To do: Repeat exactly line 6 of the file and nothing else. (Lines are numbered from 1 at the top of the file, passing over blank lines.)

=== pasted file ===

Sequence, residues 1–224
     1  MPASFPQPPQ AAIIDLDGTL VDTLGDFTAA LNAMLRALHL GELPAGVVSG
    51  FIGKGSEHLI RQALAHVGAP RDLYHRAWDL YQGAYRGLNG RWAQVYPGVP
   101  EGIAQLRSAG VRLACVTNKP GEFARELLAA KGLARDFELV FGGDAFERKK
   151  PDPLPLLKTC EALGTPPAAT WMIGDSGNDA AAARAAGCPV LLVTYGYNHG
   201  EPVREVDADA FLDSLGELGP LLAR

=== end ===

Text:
   201  EPVREVDADA FLDSLGELGP LLAR